Does David Remnick Have to Explain the Obama Joke?
New Yorker editor defends caricature.
As you may know, the New Yorker is facing some bloggy fire
over its cover this week depicting Barack Obama and his wife, Michelle, as gun-toting,
bin Laden-loving, fist-bumping radicals.
A few things to note here:
1. Editor David Remnick’s defense. "Our cover ‘The
Politics of Fear’ combines a number of fantastical images about the Obamas and
shows them for the obvious distortions they are. The burning flag, the
nationalist-radical and Islamic outfits, the fist-bump, the portrait on the
wall-all of them echo one attack or another. Satire is part of what we do, and
it is meant to bring things out into the open, to hold up a mirror to the
absurd. And that’s the spirit of this cover." He later
told the Huffington Post that "normally I’d not want to explain jokes, or
short stories, or a piece of non-fiction that we publish-people always read
things the way they’re going to read them," but since "some people have
misinterpreted it very quickly," he felt compelled to. Yet, why should he?
Satire is satire. Has the Onion ever had to explain one of their covers?
2. The irony of Remnick’s 2006 interview with Obama
at the American Magazine Conference. Obama, who at that point had yet to commit
to running, told Remnick he wasn’t sure he wanted to put his family through the
scrutiny of a presidential race. "My wife would be leading the bandwagon
for me to be running for president … if I was married to someone else."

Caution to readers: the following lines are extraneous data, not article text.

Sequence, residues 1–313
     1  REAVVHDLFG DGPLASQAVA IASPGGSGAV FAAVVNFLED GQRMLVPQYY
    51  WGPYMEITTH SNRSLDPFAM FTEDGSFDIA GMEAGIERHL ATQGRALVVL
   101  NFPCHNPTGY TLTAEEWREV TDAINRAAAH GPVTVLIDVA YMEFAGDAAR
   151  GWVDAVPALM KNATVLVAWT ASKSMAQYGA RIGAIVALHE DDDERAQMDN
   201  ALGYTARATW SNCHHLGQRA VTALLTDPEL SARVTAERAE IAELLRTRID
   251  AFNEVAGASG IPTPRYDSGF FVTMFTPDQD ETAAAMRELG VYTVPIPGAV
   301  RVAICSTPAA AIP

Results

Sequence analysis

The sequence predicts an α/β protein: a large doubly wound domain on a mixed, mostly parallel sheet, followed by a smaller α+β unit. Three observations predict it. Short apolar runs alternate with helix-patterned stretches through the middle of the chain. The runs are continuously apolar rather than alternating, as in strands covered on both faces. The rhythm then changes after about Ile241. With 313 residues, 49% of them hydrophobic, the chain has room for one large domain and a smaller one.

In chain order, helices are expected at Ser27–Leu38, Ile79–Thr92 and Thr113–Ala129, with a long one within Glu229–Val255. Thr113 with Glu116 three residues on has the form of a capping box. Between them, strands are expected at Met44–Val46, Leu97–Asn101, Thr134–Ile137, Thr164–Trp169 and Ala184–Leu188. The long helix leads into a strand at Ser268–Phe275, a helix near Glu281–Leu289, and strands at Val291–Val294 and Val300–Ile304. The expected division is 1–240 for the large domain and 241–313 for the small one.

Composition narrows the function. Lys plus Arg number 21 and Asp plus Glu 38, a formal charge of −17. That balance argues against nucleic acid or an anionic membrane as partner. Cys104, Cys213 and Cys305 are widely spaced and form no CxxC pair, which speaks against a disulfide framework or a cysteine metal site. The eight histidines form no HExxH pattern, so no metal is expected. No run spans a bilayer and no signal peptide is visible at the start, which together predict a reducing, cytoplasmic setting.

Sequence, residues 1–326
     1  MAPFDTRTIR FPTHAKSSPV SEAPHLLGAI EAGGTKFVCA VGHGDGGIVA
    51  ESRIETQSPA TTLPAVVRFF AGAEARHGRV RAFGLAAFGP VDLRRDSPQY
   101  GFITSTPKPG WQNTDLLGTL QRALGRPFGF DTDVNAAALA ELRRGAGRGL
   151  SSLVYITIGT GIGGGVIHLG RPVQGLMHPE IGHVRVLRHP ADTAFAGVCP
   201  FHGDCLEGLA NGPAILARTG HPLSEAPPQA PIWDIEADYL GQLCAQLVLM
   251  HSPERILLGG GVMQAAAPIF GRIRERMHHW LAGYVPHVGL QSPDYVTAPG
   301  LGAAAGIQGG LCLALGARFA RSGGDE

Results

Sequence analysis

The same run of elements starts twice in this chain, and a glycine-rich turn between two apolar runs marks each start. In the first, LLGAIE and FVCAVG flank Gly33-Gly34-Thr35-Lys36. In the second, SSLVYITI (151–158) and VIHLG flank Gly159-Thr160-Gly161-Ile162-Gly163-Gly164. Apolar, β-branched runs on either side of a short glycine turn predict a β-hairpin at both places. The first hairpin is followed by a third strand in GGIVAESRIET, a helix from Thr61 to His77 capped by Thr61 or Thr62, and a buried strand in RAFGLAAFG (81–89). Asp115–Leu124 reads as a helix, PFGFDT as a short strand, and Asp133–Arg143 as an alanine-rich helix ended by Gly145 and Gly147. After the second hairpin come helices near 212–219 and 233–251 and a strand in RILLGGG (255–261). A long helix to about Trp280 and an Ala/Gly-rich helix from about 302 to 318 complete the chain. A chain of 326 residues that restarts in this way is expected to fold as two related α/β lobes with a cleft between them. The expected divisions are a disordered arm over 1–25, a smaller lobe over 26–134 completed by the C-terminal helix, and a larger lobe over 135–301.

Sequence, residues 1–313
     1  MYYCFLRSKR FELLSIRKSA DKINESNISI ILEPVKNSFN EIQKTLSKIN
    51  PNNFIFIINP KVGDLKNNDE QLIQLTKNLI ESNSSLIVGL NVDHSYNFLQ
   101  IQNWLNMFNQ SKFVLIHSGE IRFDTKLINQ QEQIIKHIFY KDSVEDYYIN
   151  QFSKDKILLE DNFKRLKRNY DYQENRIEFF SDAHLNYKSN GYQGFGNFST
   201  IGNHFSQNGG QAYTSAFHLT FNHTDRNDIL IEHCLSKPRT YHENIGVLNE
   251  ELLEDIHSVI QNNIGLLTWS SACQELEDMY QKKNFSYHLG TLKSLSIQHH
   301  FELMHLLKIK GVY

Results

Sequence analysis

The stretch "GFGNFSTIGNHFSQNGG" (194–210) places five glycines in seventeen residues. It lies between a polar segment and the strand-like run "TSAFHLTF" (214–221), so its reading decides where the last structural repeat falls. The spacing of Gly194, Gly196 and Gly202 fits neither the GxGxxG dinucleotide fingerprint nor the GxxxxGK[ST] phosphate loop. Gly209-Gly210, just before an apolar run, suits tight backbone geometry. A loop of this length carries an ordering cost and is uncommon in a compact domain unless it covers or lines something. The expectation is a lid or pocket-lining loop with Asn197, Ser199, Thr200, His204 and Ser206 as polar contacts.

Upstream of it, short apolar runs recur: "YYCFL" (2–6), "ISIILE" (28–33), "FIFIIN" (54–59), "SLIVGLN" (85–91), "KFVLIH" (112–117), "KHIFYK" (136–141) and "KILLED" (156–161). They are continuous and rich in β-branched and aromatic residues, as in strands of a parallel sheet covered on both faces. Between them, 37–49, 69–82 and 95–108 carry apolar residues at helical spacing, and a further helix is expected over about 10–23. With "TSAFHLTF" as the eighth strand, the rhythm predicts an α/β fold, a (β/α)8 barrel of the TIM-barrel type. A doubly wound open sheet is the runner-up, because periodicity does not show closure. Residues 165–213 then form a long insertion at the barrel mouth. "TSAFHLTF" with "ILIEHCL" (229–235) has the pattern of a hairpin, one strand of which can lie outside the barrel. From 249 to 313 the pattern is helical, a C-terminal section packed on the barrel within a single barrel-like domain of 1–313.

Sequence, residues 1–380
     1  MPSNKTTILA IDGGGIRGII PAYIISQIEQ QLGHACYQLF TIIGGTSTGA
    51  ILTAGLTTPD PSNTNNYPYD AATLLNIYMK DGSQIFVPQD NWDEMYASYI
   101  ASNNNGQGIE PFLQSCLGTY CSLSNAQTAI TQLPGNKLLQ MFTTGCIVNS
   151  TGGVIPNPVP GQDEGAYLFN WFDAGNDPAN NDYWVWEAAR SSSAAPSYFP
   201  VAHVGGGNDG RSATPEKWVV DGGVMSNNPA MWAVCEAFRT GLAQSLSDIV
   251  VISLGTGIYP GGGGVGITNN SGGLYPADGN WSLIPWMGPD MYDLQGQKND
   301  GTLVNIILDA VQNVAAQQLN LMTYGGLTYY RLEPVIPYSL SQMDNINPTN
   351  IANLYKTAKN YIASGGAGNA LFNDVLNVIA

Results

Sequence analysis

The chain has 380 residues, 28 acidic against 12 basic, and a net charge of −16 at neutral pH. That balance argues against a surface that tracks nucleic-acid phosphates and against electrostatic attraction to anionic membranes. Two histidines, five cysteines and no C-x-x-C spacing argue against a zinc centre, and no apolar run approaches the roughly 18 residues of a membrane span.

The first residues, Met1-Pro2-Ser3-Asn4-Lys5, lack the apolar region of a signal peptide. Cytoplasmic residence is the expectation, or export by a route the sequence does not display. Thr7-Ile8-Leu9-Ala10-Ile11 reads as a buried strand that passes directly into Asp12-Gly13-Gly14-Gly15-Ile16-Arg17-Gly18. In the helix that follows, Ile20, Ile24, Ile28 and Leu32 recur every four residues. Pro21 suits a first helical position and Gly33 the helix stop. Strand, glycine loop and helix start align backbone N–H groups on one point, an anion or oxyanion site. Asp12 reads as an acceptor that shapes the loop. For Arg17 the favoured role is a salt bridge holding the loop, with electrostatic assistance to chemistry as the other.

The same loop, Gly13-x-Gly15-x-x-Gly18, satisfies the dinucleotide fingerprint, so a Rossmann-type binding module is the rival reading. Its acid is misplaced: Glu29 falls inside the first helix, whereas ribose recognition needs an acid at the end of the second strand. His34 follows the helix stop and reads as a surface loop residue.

3. Magazine editors love Obama. As we’ve pointed
out many times before, magazine editors seem to have a fascination with Barack
Obama. (At this point, their obsession with Obama is rivaled only by Britney
Spears.) Their depictions of the Illinois senator on magazine covers run the
gamut from angelic to absurd-each given an absurd amount of scrutiny. Surely,
David Remnick knows this.
4. Just because the New Yorker is liberal doesn’t
mean it’s gonna get a pass from them. As Jake Tapper, who covers the campaign
for ABC News, points out, "I believe the magazine’s staff when they say
the illustration is meant ironically, as a parody … But it’s still fairly
incendiary," Jake Tapper, who covers the campaign trail for ABC News, wrote on his blog. "I wonder what the reaction would
be were it the Weekly Standard or the National Review putting such an
illustration on their covers." It’s a very valid point. I sense the reaction
would’ve been even fiercer had a conservative-leaning title published the New
Yorker caricature. (A few weeks ago, New York magazine published a photo illustration
depicting Obama and John McCain sharing a fist-bump at the beach; not much
outrage over that.)
5. It speaks to the power of magazine covers. Think
about how different the reaction would’ve been had this caricature been
published on an interior page of the New Yorker. Or as a back page in a general
interest magazine. Or on the Daily Show. Jon Stewart isn’t answering questions
in the middle of the night about their on-screen graphics, I’m assuming. But
slap it on a cover, and, voila! Condé Nast publicists are working overtime.